I expect that as always, this issue will be kicked down the road to deal with later. This always seems to be the strategy; wait until the last minute to do anything, and then decide not to deal with it. The reality is that our country's deficit is growing, but that growth in our deficit hasn't become bad enough that the government has really decided to take a stand yet. It's not ideal, but government tends not do act until it starts affecting large amounts of people that gain significant amounts of media attention, or corporations that have more access to influence lawmakers. I don't personally think that either president has a solution, because there are so many mouths to feed in terms of people's livelihoods that rely on government spending. Many people have become dependent on the government for their income (for example, the defense industry), and when you try to "pull the carpet out" from under them, there is naturally going to be a backlash by their representatives in Congress. This is why it is difficult to get anything meaningful done with our federal deficit; too many people have conflicting interests. Despite all of its merits, democratic governments that become large enough end up becoming sprawling bureaucracies that have difficulty taking strong action at times. I believe in our system of government, but this is just one of the down sides.

  5. Pian Li
    No matter who wins the electon tonight, the fiscal cliff will be solved sooner or later since it is an obstable for the recovery of economy in US. Actually, the fiscal cliff appears because the government wanted to stimulate the consumption and the economy. However, at present, the policy turns to a disaster to US. The newly elected Republican House in 2011 refused to raise the debt ceiling, the nation’s statutory borrowing limit, without legislation guaranteeing that the increase would be at least matched by deficit reduction. Congress and the White House agreed to spending caps that shaved about $1 trillion off projected growth over 10 years. They also created a special, bipartisan deficit reduction committee to find another $1.2 trillion in savings over 10 years. If that effort failed, savings would be guaranteed by automatic cuts to both defense and nondefense programs beginning in 2013.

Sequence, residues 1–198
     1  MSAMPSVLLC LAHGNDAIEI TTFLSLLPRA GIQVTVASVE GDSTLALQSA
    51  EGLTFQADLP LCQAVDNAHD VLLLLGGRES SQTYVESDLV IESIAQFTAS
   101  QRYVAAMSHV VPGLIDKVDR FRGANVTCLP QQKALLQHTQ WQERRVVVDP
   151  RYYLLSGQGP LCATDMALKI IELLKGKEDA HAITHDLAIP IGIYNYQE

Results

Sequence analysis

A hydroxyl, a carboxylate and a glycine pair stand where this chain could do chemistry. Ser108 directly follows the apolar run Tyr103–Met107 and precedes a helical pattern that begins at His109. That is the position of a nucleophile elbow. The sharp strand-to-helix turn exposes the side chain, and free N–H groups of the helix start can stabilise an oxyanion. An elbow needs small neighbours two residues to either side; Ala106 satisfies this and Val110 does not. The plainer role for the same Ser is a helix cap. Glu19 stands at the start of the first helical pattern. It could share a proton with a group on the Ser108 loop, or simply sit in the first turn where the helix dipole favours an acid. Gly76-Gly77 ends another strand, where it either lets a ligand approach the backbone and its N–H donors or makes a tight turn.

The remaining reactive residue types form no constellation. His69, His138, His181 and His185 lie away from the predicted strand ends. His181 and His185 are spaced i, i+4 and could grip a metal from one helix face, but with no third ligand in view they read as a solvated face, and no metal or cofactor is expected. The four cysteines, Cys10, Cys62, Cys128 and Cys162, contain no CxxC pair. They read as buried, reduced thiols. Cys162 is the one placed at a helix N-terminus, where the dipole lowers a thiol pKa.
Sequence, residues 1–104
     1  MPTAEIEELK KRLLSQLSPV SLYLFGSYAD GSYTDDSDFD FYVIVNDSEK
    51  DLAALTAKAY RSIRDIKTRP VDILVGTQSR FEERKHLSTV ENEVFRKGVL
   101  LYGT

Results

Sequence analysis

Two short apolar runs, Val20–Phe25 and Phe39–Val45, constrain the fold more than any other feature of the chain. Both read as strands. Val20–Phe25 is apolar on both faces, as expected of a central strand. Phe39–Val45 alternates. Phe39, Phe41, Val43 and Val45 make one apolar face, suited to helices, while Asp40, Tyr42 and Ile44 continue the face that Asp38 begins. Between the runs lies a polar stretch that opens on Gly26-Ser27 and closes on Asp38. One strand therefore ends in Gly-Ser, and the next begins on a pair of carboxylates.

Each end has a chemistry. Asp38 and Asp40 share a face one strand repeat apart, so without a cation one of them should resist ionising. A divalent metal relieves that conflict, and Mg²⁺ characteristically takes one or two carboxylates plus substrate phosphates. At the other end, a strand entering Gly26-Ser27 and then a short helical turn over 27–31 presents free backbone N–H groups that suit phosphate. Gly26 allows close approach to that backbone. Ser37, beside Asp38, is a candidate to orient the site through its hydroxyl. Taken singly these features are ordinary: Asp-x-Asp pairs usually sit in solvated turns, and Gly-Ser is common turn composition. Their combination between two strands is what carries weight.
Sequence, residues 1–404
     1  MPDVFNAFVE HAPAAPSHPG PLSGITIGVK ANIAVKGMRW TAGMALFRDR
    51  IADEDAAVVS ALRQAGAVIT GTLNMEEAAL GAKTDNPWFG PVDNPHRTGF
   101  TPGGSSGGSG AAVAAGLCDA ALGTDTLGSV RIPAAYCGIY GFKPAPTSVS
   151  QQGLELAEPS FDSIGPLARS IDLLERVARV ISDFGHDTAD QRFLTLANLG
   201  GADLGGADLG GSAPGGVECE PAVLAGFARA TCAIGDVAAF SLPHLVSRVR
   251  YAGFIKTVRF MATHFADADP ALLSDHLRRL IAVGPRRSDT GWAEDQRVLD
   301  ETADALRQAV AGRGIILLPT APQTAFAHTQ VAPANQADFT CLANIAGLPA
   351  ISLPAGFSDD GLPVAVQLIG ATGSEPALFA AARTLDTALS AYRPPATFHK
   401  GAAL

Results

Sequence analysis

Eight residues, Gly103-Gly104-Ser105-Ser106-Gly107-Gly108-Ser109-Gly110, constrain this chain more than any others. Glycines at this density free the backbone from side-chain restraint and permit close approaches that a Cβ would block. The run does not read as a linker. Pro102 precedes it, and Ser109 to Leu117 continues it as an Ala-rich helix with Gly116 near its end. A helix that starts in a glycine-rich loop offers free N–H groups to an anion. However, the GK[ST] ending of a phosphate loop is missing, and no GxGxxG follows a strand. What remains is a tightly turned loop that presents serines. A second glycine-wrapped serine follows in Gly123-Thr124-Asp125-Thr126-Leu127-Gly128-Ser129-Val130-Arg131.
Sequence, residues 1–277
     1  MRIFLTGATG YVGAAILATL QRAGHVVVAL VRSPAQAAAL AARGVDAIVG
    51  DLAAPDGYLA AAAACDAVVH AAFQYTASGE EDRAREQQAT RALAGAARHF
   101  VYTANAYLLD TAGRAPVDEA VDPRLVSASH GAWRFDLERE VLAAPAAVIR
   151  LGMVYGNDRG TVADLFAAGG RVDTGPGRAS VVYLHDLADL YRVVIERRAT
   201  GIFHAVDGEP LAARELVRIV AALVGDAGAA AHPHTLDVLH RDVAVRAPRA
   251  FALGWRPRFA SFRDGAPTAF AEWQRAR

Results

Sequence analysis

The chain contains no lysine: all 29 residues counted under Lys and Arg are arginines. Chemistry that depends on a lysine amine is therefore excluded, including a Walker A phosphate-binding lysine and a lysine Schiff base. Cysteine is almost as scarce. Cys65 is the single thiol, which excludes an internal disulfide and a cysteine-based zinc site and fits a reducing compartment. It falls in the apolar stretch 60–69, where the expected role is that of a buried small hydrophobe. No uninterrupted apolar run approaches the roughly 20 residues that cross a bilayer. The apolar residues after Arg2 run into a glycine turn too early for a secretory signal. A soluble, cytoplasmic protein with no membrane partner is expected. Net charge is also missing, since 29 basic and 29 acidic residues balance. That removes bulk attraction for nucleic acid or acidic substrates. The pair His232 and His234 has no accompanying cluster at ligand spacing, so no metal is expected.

All these explain why economy is facing bottleneck now. It is because of lack of cash inflow to the nation that leads to the failure to reinvest in infrastructure and other aspects. We should admit that tax cutting and expense saving will stimulate consumption and reduce deficit. But if it really comes true, then unemployment rate will keep increasing; companies have no money to borrow and no investment to make; size of cash flow shrinks, economy will stagnate. Even if QE3 is carried out, real economy wont operate well due to the bad macro background.

    Thus, generally increasing the tax rate or tax on rich people will help decrease deficit. Then no savings should be made in some areas which can help activate some industries. Anyway, it is a long way to go.

  6. Tim Shoji
    Given the current state of the economy, the "fiscal cliff" is very bad in the short run. According to the CBO, many taxes are due to increase in January of 2013, which will reduce the budget deficit by $607 billion, or 4.0% GDP. Based on their calculations, if Congress doesn't do something about it, the GDP growth rate for 2012q4 to 2013q4 will be a mere 0.5%. However, if Congress can successfully reach an agreement to postpone the tax increases, then the GDP growth rate for the same period could be 4.4%.

    Nevertheless, keep in mind that the "fiscal cliff" is very painful for the short-run, but the long-run story is very different. In fact, if Congress continues to "kick the can down the road" as Glenn points out, (i.e. successfully avoid the fiscal cliff for now), our national debt would continue to increase, and the CBO acknowledges that this would "reduce output and income in the longer run relative to what would otherwise occur." Hypothetically, after surviving the fiscal cliff in the short run, our federal debt will fall more than 10% between 2012 to 2022. Such a dramatic decrease in public debt will allow more savings to go into private investments, which will in turn increase output and wages in the long run.

    Currently, the market seems to think that Congress will be able to come to a deal and successfully avoid the fiscal cliff. Responsible policy makers should do everything they can to avoid tax increases right now, due to the fragility of the current economy, but they MUST do something about addressing the debt reduction for the long-run. Avoiding the fiscal cliff without coming up with a long term solution is just as bad, if not worse.

  7. Zhishuo Zhang
    I think it is necessary to avoid fiscal cliff in the short run. I agree with Tyson that the economy need stimulus. If the they increase tax, reduce the budget now, it will be too painful for US. If congress successfully avoid the issue in the short-run, fiscally cliff will be less painful than it is now, because the economy recovery gives buffer for the hurtful policy like this.